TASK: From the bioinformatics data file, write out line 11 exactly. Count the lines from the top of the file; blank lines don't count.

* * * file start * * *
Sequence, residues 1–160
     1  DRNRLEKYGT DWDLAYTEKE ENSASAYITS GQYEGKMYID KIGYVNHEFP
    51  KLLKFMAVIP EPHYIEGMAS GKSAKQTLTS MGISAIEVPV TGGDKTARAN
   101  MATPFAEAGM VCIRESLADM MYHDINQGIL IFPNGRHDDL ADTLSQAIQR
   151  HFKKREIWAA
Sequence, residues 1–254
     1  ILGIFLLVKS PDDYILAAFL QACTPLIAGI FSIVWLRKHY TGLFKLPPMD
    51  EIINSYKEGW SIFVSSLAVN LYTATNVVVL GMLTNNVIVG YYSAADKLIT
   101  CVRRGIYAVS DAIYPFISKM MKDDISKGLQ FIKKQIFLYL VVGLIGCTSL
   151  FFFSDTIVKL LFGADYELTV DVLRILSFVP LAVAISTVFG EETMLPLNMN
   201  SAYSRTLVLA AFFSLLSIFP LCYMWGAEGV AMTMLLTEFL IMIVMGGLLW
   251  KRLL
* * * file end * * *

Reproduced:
   201  SAYSRTLVLA AFFSLLSIFP LCYMWGAEGV AMTMLLTEFL IMIVMGGLLW